Coping without the structure of school

A quickie post…

We’ve been out of school (this time round) for four weeks and it’s been great when everything’s going great, but not so great on down days. One of the biggest challenges for me has been adjusting to our new and very unstructured lifestyle, and trying to have a broader view of my son’s learning. But I’ve been here before; in Finding Our Way I talk about the same issues. Moving away from the structure of the school system isn’t as easy as it sounds (even the second time round), not for me anyway. For Kai it’s a breeze; he just gets on with what he loves to do.


lego ship

Accept that it’s okay to play with Lego–all day!


lego rifle

…and another gun

For much of this week Kai has concentrated on building new creations. What he does isn’t play but really serious work. He’s creations are becoming increasingly more complex and therefore require more time and effort. He’s spending a huge amount of time on YouTube and I sometimes struggle with this. I monitor what he’s watching and so it’s okay, she say’s; I still moan and tell him that he needs to be doing other things as well( writing, drawing , piano, etc). I completely forget that I’m meant to be allowing us both time to move away from the school system.

Time away from the academic stuff is probably a good thing

Having a complete break from doing anything remotely ‘schoolish’ is great for helping us to establish our own routine and get out of ‘school mode.’We find going out and about works well for us. Kai learns a great deal by being out-and-about; it gives him inspiration for his Lego creations and feeds his amazing storehouse of a memory. I also find that being out is crucial to help with the intensity of the relationship, which can sometimes feel claustrophobic. I love my son but it does take some mental re-adjusting to having him around nearly all the time. While we’re out we’re generally quite happy and that’s all that matters.:)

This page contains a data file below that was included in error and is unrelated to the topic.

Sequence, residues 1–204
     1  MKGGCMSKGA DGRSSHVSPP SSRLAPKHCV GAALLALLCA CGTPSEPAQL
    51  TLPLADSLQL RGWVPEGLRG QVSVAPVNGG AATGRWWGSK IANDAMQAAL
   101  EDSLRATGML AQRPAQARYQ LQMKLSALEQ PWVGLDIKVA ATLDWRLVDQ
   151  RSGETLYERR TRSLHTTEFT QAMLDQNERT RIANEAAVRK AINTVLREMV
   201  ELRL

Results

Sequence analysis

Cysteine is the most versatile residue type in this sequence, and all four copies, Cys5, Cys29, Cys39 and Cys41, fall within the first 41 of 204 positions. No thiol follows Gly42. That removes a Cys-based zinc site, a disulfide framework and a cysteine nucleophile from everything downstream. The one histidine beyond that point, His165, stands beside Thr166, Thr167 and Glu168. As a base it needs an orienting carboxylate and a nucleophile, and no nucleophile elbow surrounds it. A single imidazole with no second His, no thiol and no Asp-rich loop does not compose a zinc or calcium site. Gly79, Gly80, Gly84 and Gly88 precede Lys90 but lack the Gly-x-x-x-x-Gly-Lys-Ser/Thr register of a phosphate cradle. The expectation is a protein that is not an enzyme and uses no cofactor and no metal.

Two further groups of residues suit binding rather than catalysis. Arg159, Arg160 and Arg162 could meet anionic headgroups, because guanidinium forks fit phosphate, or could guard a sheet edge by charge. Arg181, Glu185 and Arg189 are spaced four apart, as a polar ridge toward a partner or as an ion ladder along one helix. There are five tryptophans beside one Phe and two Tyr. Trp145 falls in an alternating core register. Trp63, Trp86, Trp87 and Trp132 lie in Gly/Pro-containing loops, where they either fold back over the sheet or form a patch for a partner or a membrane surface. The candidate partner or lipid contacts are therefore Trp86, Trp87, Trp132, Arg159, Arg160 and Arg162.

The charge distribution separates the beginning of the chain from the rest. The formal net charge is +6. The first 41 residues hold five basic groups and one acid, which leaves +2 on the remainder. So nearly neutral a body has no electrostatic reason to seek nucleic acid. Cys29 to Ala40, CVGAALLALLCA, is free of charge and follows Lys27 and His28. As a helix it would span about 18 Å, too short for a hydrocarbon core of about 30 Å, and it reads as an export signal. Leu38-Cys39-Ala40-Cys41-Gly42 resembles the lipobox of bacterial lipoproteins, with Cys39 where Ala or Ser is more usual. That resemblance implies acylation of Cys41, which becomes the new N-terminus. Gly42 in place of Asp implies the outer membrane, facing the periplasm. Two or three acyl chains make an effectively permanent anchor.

large lego Big Ben

Finding inspiration In the Lego store Leicester Square





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Motherhood: My life purpose

silhouete picture of parent and child with words across

So much potential

When I was young was often told that I was bright. I didn’t really see much in it at the time; I wasn’t exceptional in any way, as far as I could see, but I did talk a lot, especially at school. I don’t remember my teachers being particularly flattering, but every so often I would hear, “Sarah, you have so much potential.” But what exactly did that mean?  It sort of sounded like I was a bit special, but not quite. Or maybe ‘potential’ is the teachers’ cop-out when they don’t quite know what else to say. Who knows? Continue reading

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All children deserve a specialised curriculum

Home-ed  children benefit from their own personalised curriculum

One of the great advantages of home-ed is seeing how your children learn: what stimulates them and what doesn’t. Having them around you 24-7 enables you to adapt their learning methods to suit their particular needs. In doing this you are in effect devising their own unique curriculum. Observing and modifying their learning environment is an ongoing process because they are constantly growing and changing. This is where the school system lets many if not most children down. A one size fits all approach to the educational development of millions of children is doomed, and a total travesty if you consider the early learning and development of babies and toddlers, who despite no direct teaching at all, learn how to walk and talk in the comfort of their homes. Continue reading

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Dealing with different educational preferences within home-ed

skyscrapers with the words 'LOVE IS THE ONLY FORCE' written above.

How you home-educate your child is down to you